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Russo-Japanese War - a conflict chronology (Part Three)

By Edited Sep 21, 2016 0 0

Conflict chronology (Part Three)

Journey of Russia's Second Pacific Squadron

After the death of Admiral Makarov, the First Pacific Squadron remained passively in port. As the Japanese began to tighten their stranglehold on Port Arthur, the Russians decided to send part of their Baltic Fleet to the Far East. The Russians' objectives were to relieve the siege on Port Arthur and to link up with the First Pacific Squadron to defeat the Japanese Imperial Navy.

Consisting of five divisions of the Baltic Fleet, the Second Pacific Squadron, under the command of Admiral Zinovy Rozhestvensky, departed on 15 October 1904. As the Russian fleet traveled from Europe to Asia, covering the distance of half the world, a highly volatile incident occurred.

Due to rumours that there were Japanese torpedo boats in the North Sea, Russian ships mistakenly fired a British trawlers at Dogger Bank, damaging the ships and killing at least seven fishermen. This incident almost brought Russia into war with Britain, which sent Royal Navy cruisers to shadow the Russian armada until a diplomatic agreement had been reached and that the Russian ships had passed the Bay of Biscay. 

Two battleships and three cruisers were detached from the main fleet to pass through the Suez Canal, while the rest sailed around the Cape of Good Hope. The Russian fleet was plagued with problems like getting coal supplies and repairs in neutral ports. (They often had to buy coal at sea from merchant vessels during their long voyage due to the lack of friendly fuelling ports on the journey.) After a long delay, both components of the fleet finally met up again at Madagascar before sailing across the Indian Ocean on 16 March 1905. One last stop was made at Van Fong Bay in French Indochina before the Russian prepared for battle. On 14 May,  the Russian fleet sailed north and headed for Vladivostok.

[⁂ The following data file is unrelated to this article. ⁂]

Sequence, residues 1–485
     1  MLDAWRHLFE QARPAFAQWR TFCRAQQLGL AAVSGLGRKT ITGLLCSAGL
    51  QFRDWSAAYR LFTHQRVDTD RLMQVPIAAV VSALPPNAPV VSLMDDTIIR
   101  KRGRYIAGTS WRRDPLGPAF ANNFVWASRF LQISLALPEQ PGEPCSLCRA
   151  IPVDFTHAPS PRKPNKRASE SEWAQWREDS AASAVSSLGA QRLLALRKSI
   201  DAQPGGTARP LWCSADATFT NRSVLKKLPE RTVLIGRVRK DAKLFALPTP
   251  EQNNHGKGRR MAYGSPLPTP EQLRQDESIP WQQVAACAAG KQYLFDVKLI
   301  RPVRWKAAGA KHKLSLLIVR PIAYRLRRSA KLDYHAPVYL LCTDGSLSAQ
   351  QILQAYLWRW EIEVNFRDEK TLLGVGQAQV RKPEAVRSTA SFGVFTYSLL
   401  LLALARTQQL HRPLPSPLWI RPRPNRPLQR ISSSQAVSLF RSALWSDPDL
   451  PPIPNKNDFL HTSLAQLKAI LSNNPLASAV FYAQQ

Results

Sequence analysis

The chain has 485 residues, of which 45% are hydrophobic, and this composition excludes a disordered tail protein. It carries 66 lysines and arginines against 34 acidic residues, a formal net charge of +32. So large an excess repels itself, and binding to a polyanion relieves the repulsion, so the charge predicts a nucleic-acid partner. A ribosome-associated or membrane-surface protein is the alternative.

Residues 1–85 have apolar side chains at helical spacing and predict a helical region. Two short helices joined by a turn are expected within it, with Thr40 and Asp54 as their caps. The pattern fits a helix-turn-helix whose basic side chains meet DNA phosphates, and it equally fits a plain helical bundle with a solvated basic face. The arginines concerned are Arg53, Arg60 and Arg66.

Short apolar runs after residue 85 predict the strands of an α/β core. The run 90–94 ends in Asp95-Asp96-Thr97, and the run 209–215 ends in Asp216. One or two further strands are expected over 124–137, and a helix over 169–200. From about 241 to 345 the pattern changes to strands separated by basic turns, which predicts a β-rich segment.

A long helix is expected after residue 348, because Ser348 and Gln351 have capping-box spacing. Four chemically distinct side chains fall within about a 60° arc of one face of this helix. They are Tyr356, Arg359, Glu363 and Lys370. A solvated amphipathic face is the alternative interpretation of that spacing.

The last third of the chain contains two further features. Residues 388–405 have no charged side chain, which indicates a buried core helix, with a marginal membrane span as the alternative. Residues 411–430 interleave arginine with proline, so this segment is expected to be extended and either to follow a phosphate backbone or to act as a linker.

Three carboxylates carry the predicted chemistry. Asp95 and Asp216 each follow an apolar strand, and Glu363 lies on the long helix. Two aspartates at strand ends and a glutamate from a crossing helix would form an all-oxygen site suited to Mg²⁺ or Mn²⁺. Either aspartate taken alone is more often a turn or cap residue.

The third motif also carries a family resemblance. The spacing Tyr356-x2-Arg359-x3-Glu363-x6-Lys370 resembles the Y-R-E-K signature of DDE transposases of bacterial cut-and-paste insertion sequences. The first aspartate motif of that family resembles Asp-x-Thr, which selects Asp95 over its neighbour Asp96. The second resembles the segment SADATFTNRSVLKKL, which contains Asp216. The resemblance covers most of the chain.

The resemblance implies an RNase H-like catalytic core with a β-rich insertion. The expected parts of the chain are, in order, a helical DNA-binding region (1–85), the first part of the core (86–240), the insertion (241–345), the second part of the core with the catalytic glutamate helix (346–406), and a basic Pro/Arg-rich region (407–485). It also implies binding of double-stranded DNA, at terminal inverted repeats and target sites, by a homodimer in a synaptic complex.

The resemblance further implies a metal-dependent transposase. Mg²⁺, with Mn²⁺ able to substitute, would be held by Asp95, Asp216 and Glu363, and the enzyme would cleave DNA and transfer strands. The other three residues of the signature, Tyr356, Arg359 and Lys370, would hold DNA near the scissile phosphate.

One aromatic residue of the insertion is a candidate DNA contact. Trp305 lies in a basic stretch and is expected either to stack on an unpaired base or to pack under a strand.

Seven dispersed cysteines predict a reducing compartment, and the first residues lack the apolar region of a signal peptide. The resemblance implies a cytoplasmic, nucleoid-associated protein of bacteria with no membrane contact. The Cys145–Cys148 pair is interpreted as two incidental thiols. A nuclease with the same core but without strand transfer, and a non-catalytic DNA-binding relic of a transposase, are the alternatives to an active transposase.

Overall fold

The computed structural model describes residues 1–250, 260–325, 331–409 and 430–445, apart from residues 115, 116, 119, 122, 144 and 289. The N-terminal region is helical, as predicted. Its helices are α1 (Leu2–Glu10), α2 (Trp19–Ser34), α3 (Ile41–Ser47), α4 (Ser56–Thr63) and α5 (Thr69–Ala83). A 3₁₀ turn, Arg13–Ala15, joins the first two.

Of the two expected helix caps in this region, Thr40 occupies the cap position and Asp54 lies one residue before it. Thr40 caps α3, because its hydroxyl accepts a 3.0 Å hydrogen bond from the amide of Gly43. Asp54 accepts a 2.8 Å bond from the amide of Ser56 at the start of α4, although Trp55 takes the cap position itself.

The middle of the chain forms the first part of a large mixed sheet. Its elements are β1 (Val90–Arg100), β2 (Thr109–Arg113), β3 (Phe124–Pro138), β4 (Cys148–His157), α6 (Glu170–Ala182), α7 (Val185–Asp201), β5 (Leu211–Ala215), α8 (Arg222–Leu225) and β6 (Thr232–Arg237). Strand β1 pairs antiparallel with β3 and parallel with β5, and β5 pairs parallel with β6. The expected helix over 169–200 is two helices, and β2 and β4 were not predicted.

Route of the Baltic Fleet
Credit: http://en.wikipedia.org/wiki/File:Battle_of_Japan_Sea_(Route_of_Baltic_Fleet)_NT.PNG

On paper, the Russian fleet looked strong, comprising 8 battleships, 8 cruisers, 9 destroyers and several smaller ships. However, it was, in reality, a group of obsolete vessels, whose personnel were weak in gunnery, discipline and leadership. After a long and arduous voyage, the Russians, whose initial plan was to break the blockade of Port Arthur, decided to sail for Vladivostok instead, as Port Arthur had fallen on 2 January 1905.  

Meanwhile, waiting for them at the Tsushima Strait were Admiral Togo's fleet of 4 battleships, 8 cruisers, 21 destroyers and 60 torpedo boats.

27 - 28 May 1905 - The Battle of Tsushima began when Admiral Rozhesvensky, hoping to sail undetected to Vladivostok, entered the Tsushima Strait on the night of 26 May in a line-ahead formation. However, the Russian fleet was detected by a Japanese cruiser, which quickly notified the rest of the fleet. Once Admiral Togo received this news, he ordered an immediate attack on the Russian fleet. With the aid of torpedo boats, wireless telegraphy and the familiar knowledge of the waters, the Japanese, within two days, were able to inflict extensive damage on the Russian fleet within a short time. Russian ships trying to flee were either sunk or severely damaged.